Manual versus automatic
Whether automatic or manual winding – it is above all a question of philosophy and how much you want to ritualize your life. What both movements have in common is that they form their very own relationship with the person wearing them, which simply cannot be replaced by the electronic distance of a quartz movement. Mechanical watches have their own rules and the sound of a perfectly functioning movement has its own harmony. In addition, by avoiding the use of batteries, you can protect the environment and, with appropriate maintenance, often rely on a mechanical watch for decades. Nevertheless, first of all you should know how the individual movements work and how they differ before choosing a model.
What is an automatic movement?
To put it simply, an automatic movement is the translation of the kinetic energy you generate by moving your arm into potential energy that tensions the mainspring and drives the watch. In other words, your automatic watch winds itself when worn instead of being wound by hand daily. If you move your arm, the ball-bearing rotor inside the watch tries to orient itself to the centre of the earth. As a result, the resulting kinetic energy is transmitted to the mainspring by a transmission chain. For a long time there has been a discussion regarding the type of rotor, however over time the central rotor has gained acceptance.
If your watch has a view back, you can also observe the semi-circular rotor directly at work. You will see that the rotor rotates very quickly, which would wear out the spring if it were transferred directly. This prevents the reduction gear from converting the fast movements of the rotor with low torques into slow movements with high torques. Nevertheless, this does not protect the spring from overloading, which is why it is not attached directly to the barrel, but hangs on a sliding bridle with a „slipping clutch“ that protects it from wear.
As you may suspect, there are many subtleties that influence the choice of automatic movement, but one of the basic discussions was about using either a one-sided or two-sided winding mechanism. Automatic watches with double-sided winding have a gearbox that rectifies the rotor movements, which means that the energy is generated independently of the direction of rotation. The way in which this energy is aligned has become the subject of numerous patents as more and more companies developed better polarization mechanisms. The most famous single-sided elevator movement is the Valjoux 7750, launched in 1973, which resisted all doubters and showed that even a single-sided elevator can compete with a double-sided elevator in terms of performance and precision.
What does manual winding mean?
As the name already says, manual winding draws its energy from daily manual winding and has no rotor. Contrary to an automatic watch, a hand-wound watch does not have a slipping clutch, which is why you should be a little bit more sensitive when winding. As soon as you feel a slight resistance, the watch is fully wound and you should stop. The internal procedure is as follows: Once you wind the watch, the applied force is also stored in the mainspring. From there, it is transmitted through the train to the escapement wheel. The anchor connects the escapement wheel with the oscillating balance wheel to the force which is now transmitted by the escapement. The balance wheel is the time base of the watch and, through its oscillation, transmits a time-defined movement via the train, where it is translated by the centre wheel, the third wheel and forth wheel into minutes, hours and seconds. The higher the oscillation frequency, the more precise the watch works. Because mechanical watches react very sensitively to their environment, the watch can still lose a few seconds. Temperature fluctuations may lead to an expansion of the spring and restlessness, which can change the frequency.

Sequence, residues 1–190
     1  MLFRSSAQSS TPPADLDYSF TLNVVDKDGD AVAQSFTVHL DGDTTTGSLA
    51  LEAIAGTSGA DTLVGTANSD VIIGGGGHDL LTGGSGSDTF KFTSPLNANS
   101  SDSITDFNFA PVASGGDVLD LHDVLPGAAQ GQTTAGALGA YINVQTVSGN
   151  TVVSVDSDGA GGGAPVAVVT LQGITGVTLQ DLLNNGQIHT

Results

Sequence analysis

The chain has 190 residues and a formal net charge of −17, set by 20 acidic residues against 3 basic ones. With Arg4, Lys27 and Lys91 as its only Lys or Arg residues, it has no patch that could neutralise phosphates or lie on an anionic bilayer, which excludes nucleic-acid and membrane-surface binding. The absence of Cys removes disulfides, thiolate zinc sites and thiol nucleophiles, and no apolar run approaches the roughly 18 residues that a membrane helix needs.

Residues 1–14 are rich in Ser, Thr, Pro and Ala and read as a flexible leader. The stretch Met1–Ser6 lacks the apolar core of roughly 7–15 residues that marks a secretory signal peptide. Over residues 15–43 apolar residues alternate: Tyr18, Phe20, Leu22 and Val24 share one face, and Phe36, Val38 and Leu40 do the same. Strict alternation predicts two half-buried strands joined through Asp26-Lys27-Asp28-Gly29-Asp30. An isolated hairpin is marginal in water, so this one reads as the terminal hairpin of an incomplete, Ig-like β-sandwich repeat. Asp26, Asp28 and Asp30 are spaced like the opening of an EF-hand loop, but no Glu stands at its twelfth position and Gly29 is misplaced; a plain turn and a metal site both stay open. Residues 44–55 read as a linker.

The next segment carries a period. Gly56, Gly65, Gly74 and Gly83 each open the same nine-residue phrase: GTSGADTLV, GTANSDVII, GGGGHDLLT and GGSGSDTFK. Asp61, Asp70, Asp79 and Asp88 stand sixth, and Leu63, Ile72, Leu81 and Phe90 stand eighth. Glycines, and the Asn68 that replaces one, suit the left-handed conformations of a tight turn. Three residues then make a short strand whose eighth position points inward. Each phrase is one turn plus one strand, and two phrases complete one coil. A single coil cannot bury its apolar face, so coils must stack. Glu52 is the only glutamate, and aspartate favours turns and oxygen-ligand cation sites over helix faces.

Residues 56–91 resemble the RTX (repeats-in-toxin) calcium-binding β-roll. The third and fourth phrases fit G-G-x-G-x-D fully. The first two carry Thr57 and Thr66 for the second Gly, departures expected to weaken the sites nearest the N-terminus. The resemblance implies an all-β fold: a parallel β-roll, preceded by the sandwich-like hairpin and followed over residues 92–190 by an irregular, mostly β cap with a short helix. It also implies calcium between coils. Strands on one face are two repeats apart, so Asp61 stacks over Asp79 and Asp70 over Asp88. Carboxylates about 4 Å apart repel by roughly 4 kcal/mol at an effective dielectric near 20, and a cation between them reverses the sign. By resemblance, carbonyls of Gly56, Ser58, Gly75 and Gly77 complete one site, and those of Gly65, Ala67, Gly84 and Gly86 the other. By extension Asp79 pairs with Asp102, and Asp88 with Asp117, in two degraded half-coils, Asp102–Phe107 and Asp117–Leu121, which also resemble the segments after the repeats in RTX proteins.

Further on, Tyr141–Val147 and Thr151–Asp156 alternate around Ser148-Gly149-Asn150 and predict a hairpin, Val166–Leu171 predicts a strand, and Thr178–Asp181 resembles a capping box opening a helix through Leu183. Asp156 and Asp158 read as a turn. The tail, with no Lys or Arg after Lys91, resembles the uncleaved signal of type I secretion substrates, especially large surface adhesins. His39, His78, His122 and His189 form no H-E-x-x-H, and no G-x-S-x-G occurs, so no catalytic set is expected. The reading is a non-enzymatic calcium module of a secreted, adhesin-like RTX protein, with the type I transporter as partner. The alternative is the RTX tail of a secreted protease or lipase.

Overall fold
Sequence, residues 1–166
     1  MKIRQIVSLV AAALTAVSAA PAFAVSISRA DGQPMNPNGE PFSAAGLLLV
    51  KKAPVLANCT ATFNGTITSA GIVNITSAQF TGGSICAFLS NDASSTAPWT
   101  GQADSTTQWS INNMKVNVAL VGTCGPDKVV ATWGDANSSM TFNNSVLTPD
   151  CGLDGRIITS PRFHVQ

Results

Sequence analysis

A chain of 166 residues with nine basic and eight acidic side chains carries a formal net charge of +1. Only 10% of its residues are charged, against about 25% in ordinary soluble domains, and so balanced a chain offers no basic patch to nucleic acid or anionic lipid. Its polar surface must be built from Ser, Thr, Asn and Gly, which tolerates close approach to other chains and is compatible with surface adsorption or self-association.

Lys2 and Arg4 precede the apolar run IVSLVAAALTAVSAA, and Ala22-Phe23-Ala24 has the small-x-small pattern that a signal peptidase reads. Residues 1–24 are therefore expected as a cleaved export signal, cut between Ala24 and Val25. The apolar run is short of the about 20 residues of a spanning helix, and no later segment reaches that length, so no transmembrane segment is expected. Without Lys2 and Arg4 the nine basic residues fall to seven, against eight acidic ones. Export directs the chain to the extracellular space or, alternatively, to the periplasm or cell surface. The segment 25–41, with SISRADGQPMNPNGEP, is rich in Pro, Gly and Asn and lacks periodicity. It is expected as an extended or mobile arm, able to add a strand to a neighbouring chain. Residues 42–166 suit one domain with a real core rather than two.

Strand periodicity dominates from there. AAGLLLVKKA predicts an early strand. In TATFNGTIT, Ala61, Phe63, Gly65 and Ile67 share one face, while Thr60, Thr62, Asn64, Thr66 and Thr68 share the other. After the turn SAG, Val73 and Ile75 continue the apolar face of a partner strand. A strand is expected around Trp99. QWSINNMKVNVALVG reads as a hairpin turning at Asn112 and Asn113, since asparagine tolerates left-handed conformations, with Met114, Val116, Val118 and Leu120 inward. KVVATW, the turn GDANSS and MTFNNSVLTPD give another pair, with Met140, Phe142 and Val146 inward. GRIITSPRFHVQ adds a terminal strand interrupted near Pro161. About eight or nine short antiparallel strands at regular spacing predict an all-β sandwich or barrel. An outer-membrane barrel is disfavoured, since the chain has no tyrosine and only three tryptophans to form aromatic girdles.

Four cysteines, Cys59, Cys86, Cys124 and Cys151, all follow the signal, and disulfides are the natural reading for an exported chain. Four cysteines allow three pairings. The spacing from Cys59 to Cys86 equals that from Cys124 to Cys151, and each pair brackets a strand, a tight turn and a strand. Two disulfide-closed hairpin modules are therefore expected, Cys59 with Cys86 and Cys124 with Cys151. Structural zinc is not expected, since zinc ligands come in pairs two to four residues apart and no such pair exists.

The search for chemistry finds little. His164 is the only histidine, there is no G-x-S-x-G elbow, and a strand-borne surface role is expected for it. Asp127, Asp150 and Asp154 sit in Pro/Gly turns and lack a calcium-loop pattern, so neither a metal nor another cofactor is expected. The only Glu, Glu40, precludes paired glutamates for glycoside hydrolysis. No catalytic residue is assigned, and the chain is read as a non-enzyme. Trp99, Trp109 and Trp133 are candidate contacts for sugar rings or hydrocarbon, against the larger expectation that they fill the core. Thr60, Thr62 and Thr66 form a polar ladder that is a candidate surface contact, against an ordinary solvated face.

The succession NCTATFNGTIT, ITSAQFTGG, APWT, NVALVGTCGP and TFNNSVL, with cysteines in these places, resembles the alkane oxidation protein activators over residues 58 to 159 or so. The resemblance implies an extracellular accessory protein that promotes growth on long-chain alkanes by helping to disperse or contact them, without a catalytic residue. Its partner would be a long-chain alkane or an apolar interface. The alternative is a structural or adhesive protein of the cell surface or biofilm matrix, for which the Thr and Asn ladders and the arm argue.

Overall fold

Advantages and disadvantages of automatic and manual winding
Wearing a hand-wound watch means appreciating rituals. If you find the idea of turning up a watch daily rather impractical or annoying, a hand-wound watch is probably not the best choice for you. Visually, the lack of a rotor has enabled manufacturers to develop ever flatter hand-wound watches, which is a good alternative for those who don’t enjoy the trendy muscular models. Since hand-wound watches consist of fewer parts, they are also less likely to malfunction and less expensive.
|Manual winding||Automatic winding|
|+ for lovers of daily rituals||+ automatic winding by rotor|
|+ flatter construction for a vintage feeling||+ technical masterpiece of the movements|
|+ fewer parts = less failure-prone||+ with appropriate maintenance often hold for decades|
|+ fewer parts = less expensive||+ used already under 1,000 € to buy|
|- daily winding necessary||- loses accuracy if not worn regularly|
|- less accuracy than automatic||- less accuracy than Quartz|
|- less power reserve than automatic||- less power reserve than Quartz|
The advantage of an automatic watch, in addition to the automatic winding and the technical masterpiece of the movement, lies primarily in how little maintenance they require. If you maintain your watch appropriately, it can last for decades. In terms of accuracy and power reserve, you have to make deductions. Especially in comparison to quartz movements, automatic movements lose time faster than their electronic competitors. As a general rule, the more often you wear your automatic watch, the more precisely it works.